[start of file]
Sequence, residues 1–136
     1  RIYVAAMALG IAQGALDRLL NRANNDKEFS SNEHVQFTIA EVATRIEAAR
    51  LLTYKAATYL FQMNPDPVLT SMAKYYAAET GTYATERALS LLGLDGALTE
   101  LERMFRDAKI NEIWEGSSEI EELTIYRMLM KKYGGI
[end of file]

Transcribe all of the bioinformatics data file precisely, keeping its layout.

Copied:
Sequence, residues 1–136
     1  RIYVAAMALG IAQGALDRLL NRANNDKEFS SNEHVQFTIA EVATRIEAAR
    51  LLTYKAATYL FQMNPDPVLT SMAKYYAAET GTYATERALS LLGLDGALTE
   101  LERMFRDAKI NEIWEGSSEI EELTIYRMLM KKYGGI